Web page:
Issue :   
May 2020 Edition of Power Politics is updated.
Issue:May' 2020


Terror outfits regrouping

Rajeev Sharma

Terror outfits grow, change, evolve and mutate. A similar mutation is noticeable now with respect to two of the most dreaded terrorist organizations: Al Qaeda and Islamic State. In these Coronavirus times, the two are trying to write a new template. Al Qaeda and Islamic State are taking advantage of the coronavirus pandemic that has gripped 210 countries and territories of the world to rebuild themselves. As the governments across the world are busy fighting a more immediate, deadlier and invisible enemy, these two terror outfits are rearing their heads in various parts of the world and regrouping and recharging. India has quite a task on its hands as among the many countries where these two outfits have become active, three countries are in India's immediate neighbourhood: Afghanistan, Pakistan and Maldives. In the first two ( Afghanistan and Pakistan ) Al Qaida has become active while in the third (Maldives) the Islamic State has surfaced and even made a maiden claim for its attack. Al Qaeda's activities in Af-Pak region were put into fifth gear from the beginning of March when the coronavirus had started expanding throughout the world after China declared a complete lockdown of its Wuhan city from where the virus had emanated sometime in December 2019. Thabat, an Al Qaeda-affiliated media outfit, published infographics and images highlighting the terrorist outfits' operations worldwide. The publicity carpet bombing made it clear that the prime focus countries of the Al Qaeda's new push were: Afghanistan, Pakistan, Arabian Peninsula, Syria, Somalia, Kenya, Mali, Niger and Burkina Faso. India may ignore other countries but not Afghanistan and Pakistan. The biggest thrust area of Al Qaeda is Afghanistan, where according to Thabat, the outfit conducted 343 operations in which 520 people were killed over 200 injured, destroyed 35 armoured vehicles, apart from seizing seven such vehicles, and detonated two car bombs. These figures are from March 1 to March 2, according to Thabat, which gives one more timeline of March 26-April 2 wherein the operations picked up steam – 88 operations, 200 killed, over 50 injured and eight car bombs detonated.
On 16 April, 2020, Al Naba, the weekly newsletter of Islamic State, claimed responsibility for Islamic State's first ever attack in Maldives. This was the first time ever when Islamic State had openly claimed responsibility for its attack in Maldives, thus conveying its presence in India's backyard. It was not the outfit's first operation in the archipelago. Earlier this year, three alleged Islamic State operatives were arrested after stabbing two Chinese nationals and one Australian citizen in Hulhumale island of Maldives. Though a local cell had acknowledged claim of this attack on behalf of IS, that claim was never officially corroborated by IS. Al Qaeda posing a threat to India is a bogey that has been raised several times in past few years but every time it proved to be a crying wolf experience. But this time, the geopolitical scenario in the Af-Pak region is starkly different with American- NATO forces drawdown from Afghanistan a distinct reality after the US-Taliban pact. If Al Qaeda is able to cement its position in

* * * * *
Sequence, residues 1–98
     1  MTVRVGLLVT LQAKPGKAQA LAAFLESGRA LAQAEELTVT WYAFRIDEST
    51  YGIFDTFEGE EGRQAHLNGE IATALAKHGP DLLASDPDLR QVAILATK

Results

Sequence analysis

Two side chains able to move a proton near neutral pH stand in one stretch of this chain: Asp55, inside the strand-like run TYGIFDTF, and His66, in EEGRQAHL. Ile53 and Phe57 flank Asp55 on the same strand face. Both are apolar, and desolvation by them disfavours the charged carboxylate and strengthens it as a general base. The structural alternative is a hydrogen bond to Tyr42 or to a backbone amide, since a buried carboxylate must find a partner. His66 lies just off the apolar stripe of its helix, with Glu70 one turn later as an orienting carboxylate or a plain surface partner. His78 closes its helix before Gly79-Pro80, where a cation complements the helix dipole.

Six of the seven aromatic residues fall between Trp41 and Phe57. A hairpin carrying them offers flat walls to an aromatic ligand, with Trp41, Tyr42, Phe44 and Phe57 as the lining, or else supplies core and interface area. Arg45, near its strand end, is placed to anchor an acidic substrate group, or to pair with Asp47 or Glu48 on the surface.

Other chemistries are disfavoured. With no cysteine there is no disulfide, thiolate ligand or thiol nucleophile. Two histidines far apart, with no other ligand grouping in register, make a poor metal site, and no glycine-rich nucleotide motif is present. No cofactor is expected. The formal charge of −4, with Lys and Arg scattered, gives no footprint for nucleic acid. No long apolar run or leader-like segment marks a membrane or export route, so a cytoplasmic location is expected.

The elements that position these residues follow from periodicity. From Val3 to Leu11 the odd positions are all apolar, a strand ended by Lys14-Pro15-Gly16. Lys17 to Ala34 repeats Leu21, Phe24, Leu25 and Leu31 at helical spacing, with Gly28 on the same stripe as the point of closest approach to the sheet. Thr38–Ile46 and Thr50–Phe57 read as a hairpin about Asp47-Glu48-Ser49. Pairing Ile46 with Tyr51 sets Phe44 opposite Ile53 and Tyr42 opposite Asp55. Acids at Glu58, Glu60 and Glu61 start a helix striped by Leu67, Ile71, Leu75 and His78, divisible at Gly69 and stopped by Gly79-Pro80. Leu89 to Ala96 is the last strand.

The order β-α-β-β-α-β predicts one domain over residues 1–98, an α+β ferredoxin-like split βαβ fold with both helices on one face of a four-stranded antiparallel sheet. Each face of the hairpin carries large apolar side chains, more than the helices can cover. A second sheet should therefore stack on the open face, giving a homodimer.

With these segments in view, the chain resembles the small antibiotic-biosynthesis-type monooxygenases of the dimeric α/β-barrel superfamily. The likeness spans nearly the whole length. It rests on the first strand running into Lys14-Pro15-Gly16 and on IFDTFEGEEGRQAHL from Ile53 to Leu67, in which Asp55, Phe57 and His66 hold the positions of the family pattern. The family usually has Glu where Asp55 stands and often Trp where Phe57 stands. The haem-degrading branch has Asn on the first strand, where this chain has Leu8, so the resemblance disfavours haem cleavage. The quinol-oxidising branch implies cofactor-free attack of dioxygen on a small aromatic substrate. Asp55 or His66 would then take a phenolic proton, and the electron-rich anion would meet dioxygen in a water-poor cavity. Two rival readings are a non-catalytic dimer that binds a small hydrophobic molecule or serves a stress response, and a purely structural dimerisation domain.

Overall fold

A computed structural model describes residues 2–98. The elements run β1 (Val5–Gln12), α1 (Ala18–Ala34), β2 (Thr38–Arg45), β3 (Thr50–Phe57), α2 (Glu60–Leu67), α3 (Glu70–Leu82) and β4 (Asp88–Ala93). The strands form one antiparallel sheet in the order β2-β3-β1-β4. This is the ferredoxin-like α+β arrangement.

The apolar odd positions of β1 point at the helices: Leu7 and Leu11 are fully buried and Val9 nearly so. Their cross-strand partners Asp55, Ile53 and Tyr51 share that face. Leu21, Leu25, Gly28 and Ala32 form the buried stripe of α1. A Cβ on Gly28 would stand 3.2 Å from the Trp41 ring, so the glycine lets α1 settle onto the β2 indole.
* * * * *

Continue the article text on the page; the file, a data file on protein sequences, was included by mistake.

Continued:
One must not forget that India's worst period in terms of cross-border terrorism was from 1996 to 2001 when Taliban was ruling Afghanistan.

Afghanistan, we know what great harm it can unleash on India by ganging up with the Taliban and Pakistan's secret service Inter Services Intelligence (ISI). One must not forget that India's worst period in terms of cross-border terrorism was from 1996 to 2001 when Taliban was ruling Afghanistan.
Similarly, the Islamic State developing its base in Maldives, a small Indian Ocean archipelago with a population of just four lakh, can cause a big headache to India, considering Maldives' geographical proximity with Indian southern states, particularly Kerala.

(The author is a strategic analyst and columnist)